What Causes Muscle Cramps
The cause of muscle cramps is still not understood, but the theories and myths include:
- Electrolyte depletion
- Poor conditioning
- Muscle fatigue
- Doing a new activity
Where do these theories come from?
We lose fluid when we sweat that also contains electrolytes (salt, potassium, magnesium). This loss of fluid and electrolyte is seen as the cause of cramping because when these nutrients fall to certain levels, the incidence of muscle spasms increases. It has not been demonstrated by any research that this leads to full on cramping.
Makers of sports drinks would have us believe that this electrolyte imbalance is the definitive cause and vigorously promote this idea.
An aside: Beware of research studies funded by companies that want you to buy their stuff. Research they fund is four times more likely to turn up the results in favour of their product than independent studies
Athletes are more likely to get cramps in the preseason, near the end of (or the night after) intense or prolonged exercise, some feel that a lack of conditioning results in cramps.
According to a review of the literature conducted by Martin Schwellnus from the University of Cape Town, the evidence supporting both the "electrolyte depletion" and "dehydration" hypotheses as the cause of muscle cramps is not convincing. In his review, Schwellnus concludes that the "electrolyte depletion" and "dehydration" hypotheses do not offer plausible pathophysiological mechanisms with supporting scientific evidence that could adequately explain the clinical presentation and management of exercise-associated muscle cramping.
Researchers (Cape Town University) are finding more evidence that the "altered neuromuscular control" hypothesis is the principal pathophysiological mechanism that leads to exercise-associated muscle cramping (EAMC). Altered neuromuscular control is often related to muscle fatigue and results in a disruption of muscle coordination and control. The research is based on evidence from research studies in human models of muscle cramping, epidemiological studies in cramping athletes, and animal experimental data and concludes “that further evidence to support the "altered neuromuscular control" hypothesis is also required, research data are accumulating that support this as the principal pathophysiological mechanism for the aetiology of exercise-associated muscle cramping (EAMC)."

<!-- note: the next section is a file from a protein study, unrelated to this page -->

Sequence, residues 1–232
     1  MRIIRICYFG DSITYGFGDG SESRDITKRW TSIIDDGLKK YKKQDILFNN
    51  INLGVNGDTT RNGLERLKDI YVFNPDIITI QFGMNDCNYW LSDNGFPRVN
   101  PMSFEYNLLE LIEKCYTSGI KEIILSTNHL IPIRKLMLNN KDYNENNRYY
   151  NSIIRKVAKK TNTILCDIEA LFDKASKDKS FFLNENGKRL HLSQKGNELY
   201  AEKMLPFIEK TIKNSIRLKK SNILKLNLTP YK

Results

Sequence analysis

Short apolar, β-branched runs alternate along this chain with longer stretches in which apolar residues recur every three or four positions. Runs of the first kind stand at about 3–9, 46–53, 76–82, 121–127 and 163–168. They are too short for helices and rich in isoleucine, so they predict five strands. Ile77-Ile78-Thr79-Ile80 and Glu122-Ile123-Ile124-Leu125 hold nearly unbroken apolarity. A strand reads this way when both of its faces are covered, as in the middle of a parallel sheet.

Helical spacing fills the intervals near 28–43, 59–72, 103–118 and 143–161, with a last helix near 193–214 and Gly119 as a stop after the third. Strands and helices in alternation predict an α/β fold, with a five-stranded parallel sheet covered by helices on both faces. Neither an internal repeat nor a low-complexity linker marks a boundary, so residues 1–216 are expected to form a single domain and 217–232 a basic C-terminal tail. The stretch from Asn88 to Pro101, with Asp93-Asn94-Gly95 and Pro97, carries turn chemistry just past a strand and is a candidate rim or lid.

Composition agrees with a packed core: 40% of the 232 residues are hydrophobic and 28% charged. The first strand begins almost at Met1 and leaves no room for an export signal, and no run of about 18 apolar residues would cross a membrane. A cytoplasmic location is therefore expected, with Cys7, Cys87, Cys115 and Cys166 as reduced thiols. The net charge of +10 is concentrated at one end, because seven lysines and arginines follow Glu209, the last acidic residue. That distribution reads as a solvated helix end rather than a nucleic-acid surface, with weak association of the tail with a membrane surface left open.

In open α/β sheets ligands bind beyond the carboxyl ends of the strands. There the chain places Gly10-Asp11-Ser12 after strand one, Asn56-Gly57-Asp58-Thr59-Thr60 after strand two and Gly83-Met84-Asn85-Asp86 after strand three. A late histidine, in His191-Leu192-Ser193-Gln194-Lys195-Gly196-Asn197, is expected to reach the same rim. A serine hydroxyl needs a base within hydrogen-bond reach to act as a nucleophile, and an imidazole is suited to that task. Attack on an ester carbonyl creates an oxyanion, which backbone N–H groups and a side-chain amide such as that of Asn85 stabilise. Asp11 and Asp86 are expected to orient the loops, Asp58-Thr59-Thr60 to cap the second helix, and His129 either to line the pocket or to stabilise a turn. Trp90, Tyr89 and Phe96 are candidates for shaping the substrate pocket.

What can I do to help Muscle Cramps
Cramps usually go away on their own, without treatment, but you can help yourself with the following:
Stop the activity that caused the cramp.
Gently stretch and massage the cramping muscle.
Hold the joint in a stretched position until the cramp stops.
Preventing Muscle Cramps
Until we learn the exact cause of muscle cramps, it will be difficult to say with any confidence how to prevent them. However, these tips are most recommended by experts and athletes alike:
Improve fitness and avoid muscle fatigue
Hydrate well (at least 2 glasses of water) before and during the event whether it be digging the garden or running a couple of kilometres. (Extreme examples of hydration are American footballers taking 1.5 litres of water intravenously before a game)
Keep the carbs up during the event: eat a banana with your glass of water; the banana also helps to up the electrolyte levels)
Stretch regularly after exercise (exercise includes things like digging in the garden, painting your roof…)
Warm up before exercise
Stretch the calf muscle: In a standing lunge with both feet pointed forward, straighten the rear leg.
Stretch the hamstring muscle: Sit with one leg folded in and the other straight out, foot upright and toes and ankle relaxed. Lean forward slightly, touch foot of straightened leg. (Repeat with opposite leg.)
Stretch the quadriceps muscle: While standing, hold top of foot with opposite hand and gently pull heel toward buttocks. (Repeat with opposite leg.)